A Bristol Hercules engine bought on eBay has brought a Coleford aeroplane enthusiast's dream of restoring a Second World War bomber closer to reality.
The Short Stirling bomber entered into service with the RAF in 1941 and was the first four-engine bomber of the war.
It played a major part in the offensive until 1943 when it was switched to transport duties towing gliders taking part in the Arnhem operations.
Not one complete aircraft has survived but Martin Smith is determined that his efforts to restore the nose and cockpit section of what he calls the "ugly duckling" of warplanes will help bring the plane back to life.
He started his collection of Stirling parts 20 years ago but his latest find means that his nose and cockpit restoration is no longer a flight of fancy.
Mr Smith is also a member of the Stirling Project set up in 1997 by a group of similar minded people who are attempting to complete a full restoration.
His fondness for the Stirling comes partly because the machine is rarer than the more well known bombers such as the Lancaster.
He said: "The Short Stirling was almost an ugly duckling but it could outmanoeuvre any fighter at the time.
"Towards the end of the war the bomber was used to drop special operations executives in Europe."
Many of them were stationed around the area at Keevil and towards Bournemouth and Mr Smith is keen to find other plane parts to help towards the project.
He is frequently tipped off by readers about different finds in the fields around the area and he is hoping they will continue to help in this way.
Mr Smith said: "I have parts from about 30 different Stirlings including the front, the possibility is that there are a lot more pieces out there and people do not realise how significant these are.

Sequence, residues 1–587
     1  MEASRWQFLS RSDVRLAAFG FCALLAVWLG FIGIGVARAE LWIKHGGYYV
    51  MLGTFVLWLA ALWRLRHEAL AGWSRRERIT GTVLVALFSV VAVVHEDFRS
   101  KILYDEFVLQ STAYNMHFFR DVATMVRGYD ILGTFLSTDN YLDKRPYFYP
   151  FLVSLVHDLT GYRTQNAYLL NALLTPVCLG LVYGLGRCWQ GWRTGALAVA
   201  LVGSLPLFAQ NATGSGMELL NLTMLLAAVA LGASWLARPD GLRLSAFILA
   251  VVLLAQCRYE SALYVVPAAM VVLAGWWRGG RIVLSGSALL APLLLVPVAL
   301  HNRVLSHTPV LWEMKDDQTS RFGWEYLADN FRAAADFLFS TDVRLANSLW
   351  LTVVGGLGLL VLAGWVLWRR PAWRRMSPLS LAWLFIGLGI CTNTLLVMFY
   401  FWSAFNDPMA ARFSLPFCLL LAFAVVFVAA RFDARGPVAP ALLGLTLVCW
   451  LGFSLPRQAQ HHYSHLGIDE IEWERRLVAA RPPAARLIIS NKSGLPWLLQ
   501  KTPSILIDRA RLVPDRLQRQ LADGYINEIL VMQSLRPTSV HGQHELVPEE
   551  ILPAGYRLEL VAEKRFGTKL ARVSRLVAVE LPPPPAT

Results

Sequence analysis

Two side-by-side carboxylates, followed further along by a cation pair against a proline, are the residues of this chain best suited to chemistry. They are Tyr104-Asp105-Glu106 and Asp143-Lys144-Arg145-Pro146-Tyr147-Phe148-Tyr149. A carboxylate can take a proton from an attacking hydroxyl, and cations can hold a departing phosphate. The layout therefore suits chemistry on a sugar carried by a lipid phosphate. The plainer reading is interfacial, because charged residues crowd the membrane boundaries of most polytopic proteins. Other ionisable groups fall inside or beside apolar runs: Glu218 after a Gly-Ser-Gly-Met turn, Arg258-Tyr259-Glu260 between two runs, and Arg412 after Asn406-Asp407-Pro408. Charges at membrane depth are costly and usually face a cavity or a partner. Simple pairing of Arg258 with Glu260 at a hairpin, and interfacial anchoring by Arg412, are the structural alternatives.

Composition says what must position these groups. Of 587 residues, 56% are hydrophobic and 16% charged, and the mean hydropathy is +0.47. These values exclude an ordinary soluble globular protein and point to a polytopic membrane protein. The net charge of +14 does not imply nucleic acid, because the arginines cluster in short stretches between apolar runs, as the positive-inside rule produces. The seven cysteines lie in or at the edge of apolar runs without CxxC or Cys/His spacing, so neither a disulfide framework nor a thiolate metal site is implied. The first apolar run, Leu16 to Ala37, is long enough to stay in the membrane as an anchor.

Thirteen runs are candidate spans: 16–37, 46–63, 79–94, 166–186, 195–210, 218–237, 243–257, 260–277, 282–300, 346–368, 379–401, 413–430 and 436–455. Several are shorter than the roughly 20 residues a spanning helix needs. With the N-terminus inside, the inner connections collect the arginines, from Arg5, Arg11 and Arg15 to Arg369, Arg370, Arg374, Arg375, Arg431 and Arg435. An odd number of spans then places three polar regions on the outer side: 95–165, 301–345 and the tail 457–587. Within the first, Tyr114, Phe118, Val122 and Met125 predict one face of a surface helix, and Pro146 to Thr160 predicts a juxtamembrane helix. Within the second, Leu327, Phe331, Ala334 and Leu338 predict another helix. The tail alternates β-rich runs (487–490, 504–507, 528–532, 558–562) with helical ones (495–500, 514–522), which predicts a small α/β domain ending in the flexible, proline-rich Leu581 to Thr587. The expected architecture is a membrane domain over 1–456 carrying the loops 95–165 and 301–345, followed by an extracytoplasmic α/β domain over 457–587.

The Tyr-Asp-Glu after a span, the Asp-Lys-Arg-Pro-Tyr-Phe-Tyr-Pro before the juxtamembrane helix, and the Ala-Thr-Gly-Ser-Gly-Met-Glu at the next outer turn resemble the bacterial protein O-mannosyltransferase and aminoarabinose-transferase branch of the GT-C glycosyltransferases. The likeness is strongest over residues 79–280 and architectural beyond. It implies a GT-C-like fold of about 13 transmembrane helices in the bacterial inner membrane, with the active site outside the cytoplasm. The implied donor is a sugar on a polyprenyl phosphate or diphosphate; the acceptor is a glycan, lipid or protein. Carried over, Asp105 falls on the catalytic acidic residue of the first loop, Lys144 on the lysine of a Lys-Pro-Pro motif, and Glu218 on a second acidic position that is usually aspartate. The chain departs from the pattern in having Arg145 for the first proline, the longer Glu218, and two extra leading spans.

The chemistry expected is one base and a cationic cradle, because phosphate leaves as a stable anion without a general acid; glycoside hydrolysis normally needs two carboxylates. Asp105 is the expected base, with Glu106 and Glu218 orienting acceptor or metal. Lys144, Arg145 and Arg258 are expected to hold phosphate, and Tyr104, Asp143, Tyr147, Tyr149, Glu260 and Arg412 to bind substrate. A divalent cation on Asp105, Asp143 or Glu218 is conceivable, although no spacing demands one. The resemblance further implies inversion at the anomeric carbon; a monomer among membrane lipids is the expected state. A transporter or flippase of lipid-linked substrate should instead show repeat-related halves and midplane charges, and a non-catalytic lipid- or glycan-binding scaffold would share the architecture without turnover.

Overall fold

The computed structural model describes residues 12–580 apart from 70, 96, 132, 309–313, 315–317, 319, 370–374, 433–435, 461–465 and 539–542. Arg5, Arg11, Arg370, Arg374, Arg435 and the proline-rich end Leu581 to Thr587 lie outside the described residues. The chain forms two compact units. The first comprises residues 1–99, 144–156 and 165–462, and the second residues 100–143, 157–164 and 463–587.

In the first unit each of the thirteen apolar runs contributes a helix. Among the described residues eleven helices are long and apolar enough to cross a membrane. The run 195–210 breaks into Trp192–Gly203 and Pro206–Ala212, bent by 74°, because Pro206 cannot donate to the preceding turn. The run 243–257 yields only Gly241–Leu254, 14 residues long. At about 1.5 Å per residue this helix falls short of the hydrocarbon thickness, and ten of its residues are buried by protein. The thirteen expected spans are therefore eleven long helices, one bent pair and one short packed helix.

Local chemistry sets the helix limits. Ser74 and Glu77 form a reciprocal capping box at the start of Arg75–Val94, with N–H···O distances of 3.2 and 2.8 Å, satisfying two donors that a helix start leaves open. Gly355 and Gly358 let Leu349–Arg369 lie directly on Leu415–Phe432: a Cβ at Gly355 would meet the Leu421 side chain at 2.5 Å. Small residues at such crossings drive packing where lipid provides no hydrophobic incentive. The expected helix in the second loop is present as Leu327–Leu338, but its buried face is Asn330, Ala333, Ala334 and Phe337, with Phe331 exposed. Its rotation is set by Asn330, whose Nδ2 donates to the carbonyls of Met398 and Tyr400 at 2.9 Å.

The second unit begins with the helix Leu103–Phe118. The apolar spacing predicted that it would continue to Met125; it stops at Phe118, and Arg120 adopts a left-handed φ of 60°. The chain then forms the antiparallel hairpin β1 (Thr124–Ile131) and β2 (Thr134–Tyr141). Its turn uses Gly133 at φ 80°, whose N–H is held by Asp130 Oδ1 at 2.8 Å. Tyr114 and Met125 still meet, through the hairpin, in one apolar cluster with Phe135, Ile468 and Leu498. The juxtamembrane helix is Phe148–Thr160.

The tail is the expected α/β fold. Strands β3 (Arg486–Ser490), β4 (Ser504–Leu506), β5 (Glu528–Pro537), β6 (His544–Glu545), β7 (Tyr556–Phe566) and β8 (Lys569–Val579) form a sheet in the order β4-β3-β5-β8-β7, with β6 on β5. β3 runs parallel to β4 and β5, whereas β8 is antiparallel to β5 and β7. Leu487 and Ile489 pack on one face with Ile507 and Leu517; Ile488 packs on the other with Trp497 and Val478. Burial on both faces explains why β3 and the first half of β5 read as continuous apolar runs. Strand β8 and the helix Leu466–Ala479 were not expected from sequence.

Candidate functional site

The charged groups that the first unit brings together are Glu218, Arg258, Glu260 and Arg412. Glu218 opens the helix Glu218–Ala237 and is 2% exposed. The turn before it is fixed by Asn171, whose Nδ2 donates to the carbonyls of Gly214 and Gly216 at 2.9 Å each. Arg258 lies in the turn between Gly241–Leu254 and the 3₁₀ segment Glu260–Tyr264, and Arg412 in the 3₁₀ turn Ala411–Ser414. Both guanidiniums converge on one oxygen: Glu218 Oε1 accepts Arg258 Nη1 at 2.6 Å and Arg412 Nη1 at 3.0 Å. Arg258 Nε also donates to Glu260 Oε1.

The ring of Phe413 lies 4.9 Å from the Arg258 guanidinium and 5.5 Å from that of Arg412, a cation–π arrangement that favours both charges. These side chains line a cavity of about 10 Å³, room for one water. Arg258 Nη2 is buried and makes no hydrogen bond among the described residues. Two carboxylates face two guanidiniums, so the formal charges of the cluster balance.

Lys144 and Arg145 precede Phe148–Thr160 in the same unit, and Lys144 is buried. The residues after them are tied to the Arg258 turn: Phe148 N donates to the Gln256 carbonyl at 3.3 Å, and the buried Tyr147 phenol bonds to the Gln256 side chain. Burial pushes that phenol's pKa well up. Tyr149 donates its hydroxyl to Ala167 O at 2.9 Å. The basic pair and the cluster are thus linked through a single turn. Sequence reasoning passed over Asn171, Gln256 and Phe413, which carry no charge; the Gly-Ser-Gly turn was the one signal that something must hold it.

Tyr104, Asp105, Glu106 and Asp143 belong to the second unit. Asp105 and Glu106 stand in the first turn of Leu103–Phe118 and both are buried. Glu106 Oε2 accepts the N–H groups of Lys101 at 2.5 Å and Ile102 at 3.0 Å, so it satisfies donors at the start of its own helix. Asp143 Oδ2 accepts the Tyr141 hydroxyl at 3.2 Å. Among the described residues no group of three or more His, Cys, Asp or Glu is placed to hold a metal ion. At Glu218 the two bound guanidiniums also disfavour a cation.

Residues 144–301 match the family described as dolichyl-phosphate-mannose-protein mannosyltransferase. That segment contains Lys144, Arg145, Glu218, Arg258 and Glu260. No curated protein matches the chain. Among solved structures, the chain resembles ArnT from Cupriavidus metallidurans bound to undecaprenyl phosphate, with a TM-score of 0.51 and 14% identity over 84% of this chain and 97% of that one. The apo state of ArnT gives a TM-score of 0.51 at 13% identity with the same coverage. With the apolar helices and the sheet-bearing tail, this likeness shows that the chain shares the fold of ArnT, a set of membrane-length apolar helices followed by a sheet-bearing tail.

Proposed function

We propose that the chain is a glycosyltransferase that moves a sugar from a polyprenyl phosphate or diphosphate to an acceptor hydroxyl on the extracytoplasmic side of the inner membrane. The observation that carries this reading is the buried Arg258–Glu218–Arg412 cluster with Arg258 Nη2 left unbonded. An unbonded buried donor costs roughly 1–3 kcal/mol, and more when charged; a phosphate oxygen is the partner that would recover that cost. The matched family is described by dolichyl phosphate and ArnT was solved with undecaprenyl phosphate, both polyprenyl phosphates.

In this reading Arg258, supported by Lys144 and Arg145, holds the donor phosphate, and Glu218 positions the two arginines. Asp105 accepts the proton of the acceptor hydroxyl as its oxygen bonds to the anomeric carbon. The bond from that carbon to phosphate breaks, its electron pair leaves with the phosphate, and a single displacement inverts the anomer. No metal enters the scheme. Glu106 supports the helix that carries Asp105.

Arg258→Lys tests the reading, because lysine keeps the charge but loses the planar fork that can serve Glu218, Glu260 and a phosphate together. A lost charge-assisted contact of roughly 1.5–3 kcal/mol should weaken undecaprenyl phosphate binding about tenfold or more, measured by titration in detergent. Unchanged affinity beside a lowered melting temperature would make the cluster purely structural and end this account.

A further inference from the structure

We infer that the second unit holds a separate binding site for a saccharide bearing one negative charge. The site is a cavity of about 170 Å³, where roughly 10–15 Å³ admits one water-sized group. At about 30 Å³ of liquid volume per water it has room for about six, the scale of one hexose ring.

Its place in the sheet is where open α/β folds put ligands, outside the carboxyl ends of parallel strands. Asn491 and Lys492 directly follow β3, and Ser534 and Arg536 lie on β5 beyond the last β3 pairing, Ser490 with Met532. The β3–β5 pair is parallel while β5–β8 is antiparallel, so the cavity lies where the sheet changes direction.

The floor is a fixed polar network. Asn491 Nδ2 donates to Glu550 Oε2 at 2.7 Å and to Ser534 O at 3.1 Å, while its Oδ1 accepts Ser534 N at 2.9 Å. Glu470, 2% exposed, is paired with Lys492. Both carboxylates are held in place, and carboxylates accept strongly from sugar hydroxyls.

"There are possibly bits in fields or even picked up and in the back of someone's shed."
As well as help in sourcing parts, he also hopes that similar minded buffs will be inspired to help him.
Mr Smith's hobby has seen him rebuild the control column – probably the only one in the world that is complete. He also has a rear undercarriage and has reconstructed the instrument panel, and is now working on the side panels.
Mr Smith's interest in the Stirling started in 1995 but his love of aviation history started as a boy growing up in Lincolnshire.
When he was eight he found a 50 calibre bullet in a field and then someone told him a Flying Fortress had crashed there.
He was hooked and a few years later was helping to dig up a whole plane from the field.
He also has the fuselage of a de Havilland Chipmunk in his back garden. This particular Chipmunk is the third oldest in the world, another eBay find, and as well as the fuselage Mr Smith has the wings stored safely.